But most importantly, really what I wanted to cover today was: “Hard now, easy later. Easy now, hard later. Take your pick because it’s going to be one of those two.” And I really invite you that as you go through your week, and as you’re moving through your day, and here comes that challenge (and it will show up, it always does), what’s your go-to? Is it “hard now”? Is it: “Alright, here we go,” which builds confidence and you feel more empowered, self-assured. Or is it “easy now”? With that, you say something like: “You know what, forget it.” Now, it’s one thing when you’re just easygoing and it doesn’t matter to you, then it’s like: “Oh, who cares.” For example, if a bunch of people are going out for dinner and they say: “Where do you want to go?” And you say “I don’t care, it doesn’t matter to me.” So that’s where it’s like that, whatever works for everybody else. But, when it’s something important, that’s when you speak up, that’s when it’s “hard now.” You may say something like: “Yes, this is uncomfortable (who likes confrontation?) I don’t like it, but I’m going to speak up, I’m going to say what’s on my mind. I’m going to have that difficult conversation because I need to set my own boundaries. I need to be true to myself.” That leads to “Easy later.” Now you feel: “Now it’s clear, it’s clear what my boundaries are, it’s clear what I’m willing to accept and not accept.” Do you see?

So, for this week, I would say put a rubber band on your wrist and snap the band. It’s not to hurt you, but to remind you when you find yourself opting for the “easy now.” I would say go for the “hard now,” which leads to the “easy later.” And I’ll just give you one analogy, you know I love analogies. So, I may have shared this in the past but it’s just so clear. Let’s say you have a messy room, messy garage, and there it is. You just avoid it at all costs. Who wants to be in there? It’s a big ol’ mess and you think it’s not vying for your attention. Oh, but it is. You avoid it all you can. But then, think about it. That’s the “easy now.” And then there’s the one day where you say: “You know what? That’s it, I’m going in.” Think about what happens. You roll your sleeves up, you grab your garbage bags and you’re like: “Ok, here we go.”

And actually, if you think about it, in the beginning, it’s worse. It’s worse because things were all over the place. You go: “I’m going to donate that, toss that, fix that.” And then you put everything back, that’s left. And you stand back and look at how great it looks! You want to call everybody over and say:  “Look in my garage!” You’re so proud of it. That was the “hard now” leading to the “easy later.” Think about it, you have this sense of pride and empowerment that you couldn’t have had unless you dove in and did the work. Now because you dove in and did the work, you feel good, that’s the “easy later.”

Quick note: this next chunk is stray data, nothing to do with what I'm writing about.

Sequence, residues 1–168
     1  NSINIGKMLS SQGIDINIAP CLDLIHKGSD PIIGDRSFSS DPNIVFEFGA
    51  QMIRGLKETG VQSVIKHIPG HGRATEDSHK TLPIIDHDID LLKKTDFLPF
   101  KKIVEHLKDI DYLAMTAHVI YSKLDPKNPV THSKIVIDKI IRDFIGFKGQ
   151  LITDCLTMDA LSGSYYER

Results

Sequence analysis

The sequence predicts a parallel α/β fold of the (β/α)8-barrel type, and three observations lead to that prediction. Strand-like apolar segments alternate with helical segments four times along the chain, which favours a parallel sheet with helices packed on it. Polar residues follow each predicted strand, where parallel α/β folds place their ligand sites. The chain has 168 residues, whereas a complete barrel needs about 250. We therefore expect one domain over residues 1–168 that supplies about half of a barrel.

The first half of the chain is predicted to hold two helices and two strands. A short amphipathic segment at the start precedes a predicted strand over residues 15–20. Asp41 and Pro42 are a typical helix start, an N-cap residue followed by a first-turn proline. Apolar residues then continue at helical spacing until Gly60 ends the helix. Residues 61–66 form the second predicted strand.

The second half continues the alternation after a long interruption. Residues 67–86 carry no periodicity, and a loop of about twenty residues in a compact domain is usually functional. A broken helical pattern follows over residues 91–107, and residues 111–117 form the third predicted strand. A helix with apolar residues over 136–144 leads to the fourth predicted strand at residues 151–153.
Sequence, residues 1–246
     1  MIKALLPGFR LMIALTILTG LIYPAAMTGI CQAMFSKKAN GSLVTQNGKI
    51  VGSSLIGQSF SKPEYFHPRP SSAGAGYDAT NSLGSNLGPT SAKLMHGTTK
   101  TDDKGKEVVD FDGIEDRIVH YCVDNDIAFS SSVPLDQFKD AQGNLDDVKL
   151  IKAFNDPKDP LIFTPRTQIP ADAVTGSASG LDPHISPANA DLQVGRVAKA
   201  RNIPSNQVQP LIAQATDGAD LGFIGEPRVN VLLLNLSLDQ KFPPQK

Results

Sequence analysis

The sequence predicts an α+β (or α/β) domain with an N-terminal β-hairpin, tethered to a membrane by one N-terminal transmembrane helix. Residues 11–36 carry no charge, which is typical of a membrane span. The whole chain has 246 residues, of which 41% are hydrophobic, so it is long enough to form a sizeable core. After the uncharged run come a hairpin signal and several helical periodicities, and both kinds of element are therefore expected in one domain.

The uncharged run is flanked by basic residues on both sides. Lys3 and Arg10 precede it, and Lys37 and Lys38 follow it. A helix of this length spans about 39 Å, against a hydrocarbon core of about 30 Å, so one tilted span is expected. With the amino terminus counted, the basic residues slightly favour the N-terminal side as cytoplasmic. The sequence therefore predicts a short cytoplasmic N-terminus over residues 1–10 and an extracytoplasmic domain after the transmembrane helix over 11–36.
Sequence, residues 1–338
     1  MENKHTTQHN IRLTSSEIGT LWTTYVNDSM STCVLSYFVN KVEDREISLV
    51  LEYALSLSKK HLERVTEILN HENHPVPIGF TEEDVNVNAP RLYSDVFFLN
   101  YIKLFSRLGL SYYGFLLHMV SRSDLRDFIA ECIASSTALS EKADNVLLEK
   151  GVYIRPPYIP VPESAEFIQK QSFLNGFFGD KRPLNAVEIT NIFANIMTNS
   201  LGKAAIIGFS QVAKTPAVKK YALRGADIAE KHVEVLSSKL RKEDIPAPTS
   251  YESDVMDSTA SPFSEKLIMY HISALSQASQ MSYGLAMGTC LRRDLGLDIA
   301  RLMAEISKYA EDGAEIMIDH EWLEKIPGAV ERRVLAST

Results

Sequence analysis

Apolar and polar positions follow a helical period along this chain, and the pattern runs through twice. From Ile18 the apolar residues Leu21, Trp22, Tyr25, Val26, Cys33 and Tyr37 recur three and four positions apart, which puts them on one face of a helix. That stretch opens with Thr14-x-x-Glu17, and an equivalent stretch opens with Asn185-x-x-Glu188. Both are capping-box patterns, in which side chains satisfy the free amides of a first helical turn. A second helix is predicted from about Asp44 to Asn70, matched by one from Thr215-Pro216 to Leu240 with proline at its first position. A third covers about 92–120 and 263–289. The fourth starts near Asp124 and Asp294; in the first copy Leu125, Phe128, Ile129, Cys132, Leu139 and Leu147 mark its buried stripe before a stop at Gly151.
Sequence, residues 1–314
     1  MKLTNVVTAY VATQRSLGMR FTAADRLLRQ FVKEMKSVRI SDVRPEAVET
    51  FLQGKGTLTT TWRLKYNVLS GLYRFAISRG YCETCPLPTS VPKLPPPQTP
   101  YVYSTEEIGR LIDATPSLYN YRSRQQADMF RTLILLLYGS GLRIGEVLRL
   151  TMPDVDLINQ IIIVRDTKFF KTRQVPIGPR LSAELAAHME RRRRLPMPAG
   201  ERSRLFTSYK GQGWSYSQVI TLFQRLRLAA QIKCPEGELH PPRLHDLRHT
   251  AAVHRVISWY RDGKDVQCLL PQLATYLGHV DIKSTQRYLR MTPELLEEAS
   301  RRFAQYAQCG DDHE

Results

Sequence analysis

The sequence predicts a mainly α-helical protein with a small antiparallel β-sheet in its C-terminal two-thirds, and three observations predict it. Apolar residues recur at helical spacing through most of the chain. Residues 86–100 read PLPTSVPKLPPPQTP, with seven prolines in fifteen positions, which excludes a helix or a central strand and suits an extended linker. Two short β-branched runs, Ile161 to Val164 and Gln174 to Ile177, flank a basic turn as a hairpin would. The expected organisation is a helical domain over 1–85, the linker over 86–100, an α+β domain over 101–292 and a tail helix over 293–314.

So again it’s: “Hard now, easy later. Easy now, hard later. Take your pick. It’s going to be one of those two.” And I would love to hear from you to see. Did you notice you were opting for more of the “easy now”? And has it been leaving you with “hard later”? Or, have you chosen something that could potentially be “hard now,” leading to the “easy later”? I would love to hear from you to find out how that goes for you.

If you are enjoying this podcast, please subscribe, rate, and review. Tell your friends, tell everybody you know, And my book: Trust Again: Overcoming Betrayal and Regaining Health, Confidence and Happiness is available if you want to give it a try. You can download your free chapter here.

Thanks so much, I’ll see you next time. Bye.

Links

PBT Podcasts
Post Betrayal Syndrome Quiz

PBT Institute Membership Community

Trust Again: Overcoming Betrayal and Regaining Health, Confidence and Happiness
Trust Again Free Gift

Follow Dr. Debi Silber on Facebook | Twitter | Youtube | LinkedIn

About the author 

Dr. Debi

Dr. Debi Silber, founder of The PBT (Post Betrayal Transformation) Institute https://thepbtinstitute.com is an award-winning speaker, bestselling author, holistic psychologist, a health, mindset and personal development expert who’s created a proven multi-pronged approach to help people heal (physically, mentally and emotionally) from the trauma of betrayal.

You may also like

227: Taming the Anxious Mind w/ Madhur-Nain Webster

227: Taming the Anxious Mind w/ Madhur-Nain Webster

226 Solo: A Dose of Dr. Debi: Getting Unstuck

226 Solo: A Dose of Dr. Debi: Getting Unstuck

The Real Effects of Negative Thinking

The Real Effects of Negative Thinking
{"email":"Email address invalid","url":"Website address invalid","required":"Required field missing"}
>